Belarusian President Alexander Lukashenko discussed the protests shaking his country with Russian counterpart Vladimir Putin on Saturday, Belarusian state news agency Belta reported.
“The presidents discussed the situation that is unfolding inside and around Belarus,” Belta reported, citing Lukashenko’s press service.
Earlier on Saturday, Lukashenko said Saturday he wanted to speak with Russian President Vladimir Putin as protests grew over a disputed election.
“The aggression against Belarus is developing. We need to contact Putin, the president of Russia, so that I can talk with him now,” Lukashenko said in a meeting with government officials.
“Because this is already a threat not only to Belarus.”
Thousands of opposition supporters have been taking to the streets for days against Lukashenko’s claim to have won re-election last Sunday with 80 percent of the vote, in the biggest challenge to his rule since he came to power in 1994.
Belarus is more tightly linked to Russia than any other country and the two form a “union state” with an integrated economic zone and military alliance.
“The protection of Belarus today is no less than the protection of our entire space, the union state, and an example to others. If Belarus cannot withstand it, this wave will roll there.”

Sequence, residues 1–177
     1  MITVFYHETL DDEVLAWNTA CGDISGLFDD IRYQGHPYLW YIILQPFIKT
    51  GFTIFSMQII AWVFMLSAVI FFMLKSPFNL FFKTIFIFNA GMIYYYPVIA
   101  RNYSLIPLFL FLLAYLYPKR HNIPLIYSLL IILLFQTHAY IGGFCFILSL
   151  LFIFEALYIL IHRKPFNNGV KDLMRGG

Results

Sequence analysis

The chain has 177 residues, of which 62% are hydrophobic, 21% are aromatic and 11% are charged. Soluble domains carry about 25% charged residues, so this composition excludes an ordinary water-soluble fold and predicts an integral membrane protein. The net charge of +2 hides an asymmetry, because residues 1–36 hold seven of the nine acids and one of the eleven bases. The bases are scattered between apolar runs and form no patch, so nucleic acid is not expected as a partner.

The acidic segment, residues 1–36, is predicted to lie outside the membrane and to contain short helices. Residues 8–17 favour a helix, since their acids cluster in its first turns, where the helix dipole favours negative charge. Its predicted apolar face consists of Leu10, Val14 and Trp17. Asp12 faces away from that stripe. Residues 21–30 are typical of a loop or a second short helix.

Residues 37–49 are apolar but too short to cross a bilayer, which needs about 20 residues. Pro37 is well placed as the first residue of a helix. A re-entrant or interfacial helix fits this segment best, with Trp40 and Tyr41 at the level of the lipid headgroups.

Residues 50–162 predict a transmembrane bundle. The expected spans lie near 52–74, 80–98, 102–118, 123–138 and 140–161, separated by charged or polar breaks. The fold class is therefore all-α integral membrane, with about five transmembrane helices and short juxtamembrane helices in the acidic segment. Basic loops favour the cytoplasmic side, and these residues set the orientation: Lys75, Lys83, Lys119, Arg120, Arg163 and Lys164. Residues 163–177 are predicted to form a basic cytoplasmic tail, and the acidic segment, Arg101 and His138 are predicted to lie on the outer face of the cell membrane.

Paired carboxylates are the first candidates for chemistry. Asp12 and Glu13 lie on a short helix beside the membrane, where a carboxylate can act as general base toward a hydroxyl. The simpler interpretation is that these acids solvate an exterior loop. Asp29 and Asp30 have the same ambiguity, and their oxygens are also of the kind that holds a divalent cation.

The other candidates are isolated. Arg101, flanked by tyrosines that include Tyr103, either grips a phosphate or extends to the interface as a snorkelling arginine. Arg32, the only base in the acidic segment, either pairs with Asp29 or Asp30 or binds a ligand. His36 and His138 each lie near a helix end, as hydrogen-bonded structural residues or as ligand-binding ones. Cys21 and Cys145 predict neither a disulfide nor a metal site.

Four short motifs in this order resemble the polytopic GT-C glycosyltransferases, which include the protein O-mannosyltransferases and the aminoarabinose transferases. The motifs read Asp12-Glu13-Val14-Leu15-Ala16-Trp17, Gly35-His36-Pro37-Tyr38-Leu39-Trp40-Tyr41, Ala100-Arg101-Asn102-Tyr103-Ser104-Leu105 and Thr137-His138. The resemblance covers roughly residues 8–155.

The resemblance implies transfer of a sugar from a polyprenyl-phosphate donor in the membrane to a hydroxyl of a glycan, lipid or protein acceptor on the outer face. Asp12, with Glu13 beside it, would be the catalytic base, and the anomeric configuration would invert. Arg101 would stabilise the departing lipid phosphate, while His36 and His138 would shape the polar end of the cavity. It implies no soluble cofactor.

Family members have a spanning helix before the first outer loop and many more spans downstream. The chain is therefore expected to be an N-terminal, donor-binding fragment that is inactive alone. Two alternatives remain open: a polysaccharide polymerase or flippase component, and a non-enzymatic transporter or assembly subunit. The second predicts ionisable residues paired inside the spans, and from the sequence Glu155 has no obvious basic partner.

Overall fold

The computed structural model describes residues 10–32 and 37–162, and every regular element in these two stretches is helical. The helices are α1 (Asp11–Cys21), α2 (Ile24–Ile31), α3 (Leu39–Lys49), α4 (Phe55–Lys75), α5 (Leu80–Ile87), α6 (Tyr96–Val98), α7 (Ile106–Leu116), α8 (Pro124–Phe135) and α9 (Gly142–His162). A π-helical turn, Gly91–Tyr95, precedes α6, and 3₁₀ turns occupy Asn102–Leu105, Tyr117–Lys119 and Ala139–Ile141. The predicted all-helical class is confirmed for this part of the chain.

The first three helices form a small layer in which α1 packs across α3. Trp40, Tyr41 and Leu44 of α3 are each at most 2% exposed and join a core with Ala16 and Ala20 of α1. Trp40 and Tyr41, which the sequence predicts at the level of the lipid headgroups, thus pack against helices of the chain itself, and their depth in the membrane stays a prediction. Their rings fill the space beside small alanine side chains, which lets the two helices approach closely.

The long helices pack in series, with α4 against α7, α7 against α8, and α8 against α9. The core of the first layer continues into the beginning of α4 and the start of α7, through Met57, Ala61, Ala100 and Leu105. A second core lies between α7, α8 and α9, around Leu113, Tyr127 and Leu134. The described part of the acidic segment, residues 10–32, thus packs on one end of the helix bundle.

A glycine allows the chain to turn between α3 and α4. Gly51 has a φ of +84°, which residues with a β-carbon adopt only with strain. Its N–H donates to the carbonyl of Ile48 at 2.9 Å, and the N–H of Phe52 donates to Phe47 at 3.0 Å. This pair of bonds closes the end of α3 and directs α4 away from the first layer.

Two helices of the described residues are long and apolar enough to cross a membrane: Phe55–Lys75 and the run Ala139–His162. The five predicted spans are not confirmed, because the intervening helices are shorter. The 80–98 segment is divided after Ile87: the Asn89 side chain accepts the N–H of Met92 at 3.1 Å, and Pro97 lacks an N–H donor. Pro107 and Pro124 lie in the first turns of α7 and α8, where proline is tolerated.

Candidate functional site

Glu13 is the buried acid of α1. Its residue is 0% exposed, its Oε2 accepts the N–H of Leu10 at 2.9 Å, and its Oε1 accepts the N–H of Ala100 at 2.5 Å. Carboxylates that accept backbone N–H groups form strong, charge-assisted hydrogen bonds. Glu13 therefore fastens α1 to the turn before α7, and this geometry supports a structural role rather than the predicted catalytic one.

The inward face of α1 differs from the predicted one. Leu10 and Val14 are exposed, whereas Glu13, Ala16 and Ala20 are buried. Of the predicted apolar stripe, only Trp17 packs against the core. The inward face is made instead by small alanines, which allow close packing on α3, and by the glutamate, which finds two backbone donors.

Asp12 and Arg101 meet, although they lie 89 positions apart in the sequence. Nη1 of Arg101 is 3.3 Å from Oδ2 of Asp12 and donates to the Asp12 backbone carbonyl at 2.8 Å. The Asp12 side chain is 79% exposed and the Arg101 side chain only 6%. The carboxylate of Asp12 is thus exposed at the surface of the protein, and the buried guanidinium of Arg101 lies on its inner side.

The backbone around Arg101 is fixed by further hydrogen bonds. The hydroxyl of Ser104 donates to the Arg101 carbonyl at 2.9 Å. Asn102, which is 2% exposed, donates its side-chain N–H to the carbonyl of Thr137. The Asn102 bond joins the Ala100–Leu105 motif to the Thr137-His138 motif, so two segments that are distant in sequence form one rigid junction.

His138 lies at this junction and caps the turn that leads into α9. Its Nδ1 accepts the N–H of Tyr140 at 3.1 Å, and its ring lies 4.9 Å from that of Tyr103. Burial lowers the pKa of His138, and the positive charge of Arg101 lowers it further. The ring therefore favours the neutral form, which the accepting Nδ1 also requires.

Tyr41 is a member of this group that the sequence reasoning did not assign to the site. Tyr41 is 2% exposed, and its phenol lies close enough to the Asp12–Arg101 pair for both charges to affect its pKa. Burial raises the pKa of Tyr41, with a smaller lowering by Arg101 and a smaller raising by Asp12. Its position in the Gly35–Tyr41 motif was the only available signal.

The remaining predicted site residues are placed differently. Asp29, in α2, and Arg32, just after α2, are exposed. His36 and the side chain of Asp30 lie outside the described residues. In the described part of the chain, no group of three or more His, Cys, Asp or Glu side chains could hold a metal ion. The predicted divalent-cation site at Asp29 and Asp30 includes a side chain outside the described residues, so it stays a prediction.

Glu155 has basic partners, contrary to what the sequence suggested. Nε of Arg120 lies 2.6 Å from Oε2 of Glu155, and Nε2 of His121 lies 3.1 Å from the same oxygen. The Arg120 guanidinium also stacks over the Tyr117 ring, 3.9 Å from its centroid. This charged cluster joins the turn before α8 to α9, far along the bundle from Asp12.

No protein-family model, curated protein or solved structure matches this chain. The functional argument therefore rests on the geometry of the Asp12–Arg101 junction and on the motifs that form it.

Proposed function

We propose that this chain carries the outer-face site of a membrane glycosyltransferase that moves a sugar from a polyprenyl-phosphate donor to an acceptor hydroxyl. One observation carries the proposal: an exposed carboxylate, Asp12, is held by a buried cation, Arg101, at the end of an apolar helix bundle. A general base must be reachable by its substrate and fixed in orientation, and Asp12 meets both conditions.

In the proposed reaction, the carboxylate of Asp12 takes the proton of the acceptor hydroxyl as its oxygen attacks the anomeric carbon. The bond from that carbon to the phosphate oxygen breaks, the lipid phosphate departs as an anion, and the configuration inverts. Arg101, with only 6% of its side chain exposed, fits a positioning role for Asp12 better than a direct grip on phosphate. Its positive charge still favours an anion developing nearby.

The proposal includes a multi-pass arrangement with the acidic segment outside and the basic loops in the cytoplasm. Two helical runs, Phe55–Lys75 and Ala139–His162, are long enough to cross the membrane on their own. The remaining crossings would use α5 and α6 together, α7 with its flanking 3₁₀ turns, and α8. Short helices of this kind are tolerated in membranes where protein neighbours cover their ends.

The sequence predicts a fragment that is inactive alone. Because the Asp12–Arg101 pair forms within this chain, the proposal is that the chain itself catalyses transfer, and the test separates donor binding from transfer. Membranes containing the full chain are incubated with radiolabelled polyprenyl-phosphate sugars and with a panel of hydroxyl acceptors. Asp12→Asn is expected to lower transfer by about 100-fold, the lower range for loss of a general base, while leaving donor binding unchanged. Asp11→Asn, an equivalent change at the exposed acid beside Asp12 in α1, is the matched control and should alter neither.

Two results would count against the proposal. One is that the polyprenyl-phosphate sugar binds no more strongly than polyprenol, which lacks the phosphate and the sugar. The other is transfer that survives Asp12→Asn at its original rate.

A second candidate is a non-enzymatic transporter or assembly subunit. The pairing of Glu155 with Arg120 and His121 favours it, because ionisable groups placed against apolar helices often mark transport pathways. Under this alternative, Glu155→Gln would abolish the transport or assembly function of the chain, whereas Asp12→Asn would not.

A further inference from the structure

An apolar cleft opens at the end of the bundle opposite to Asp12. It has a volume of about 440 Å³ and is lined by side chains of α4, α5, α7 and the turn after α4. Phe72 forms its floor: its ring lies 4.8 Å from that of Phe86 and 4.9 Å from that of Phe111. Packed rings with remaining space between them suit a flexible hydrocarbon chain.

Lukashenko Awards ‘Impeccable Service’ Medals to Security Forces Following Protest Crackdown
Belarusian President Alexander Lukashenko has handed out medals to more than 300 members of the security forces for “impeccable service” days after a violent crackdown on post-election protesters.
Up to 7,000 people have been detained, hundreds injured and two have died in the days of protests against the Aug. 9 election results which showed an overwhelming victory for Lukashenko. Belarusian investigators said they received more than 600 complaints of injuries during arrest and 100 reports of injury inside detention cells.
Lukashenko awarded riot officers, police van drivers, prison guards and others for “exemplary performance of official duties,” according to the order published early Tuesday.
The order signed by Lukashenko is dated Aug. 13, the last day of police violence and detentions against anti-Lukashenko protesters.
Detainees have since been slowly released following public pressure from a growing wave of demonstrations and high-profile condemnations. Many of them have given disturbing accounts of beatings, humiliation and torture in detention.
The European Union last week announced that it will draw up new sanctions “against those responsible for the violence, arrests and fraud in connection with the election” in Belarus.
Following the cracksdown, Belarus Interior Minister Yury Karayev apologized on state television for the arrest of innocent people.
Around 122 people are still being held in detention in Minsk and other cities as of Monday, according to prosecutors.
Belarusian investigators said they are also looking into 124 reports of violence against law enforcement officials during protests.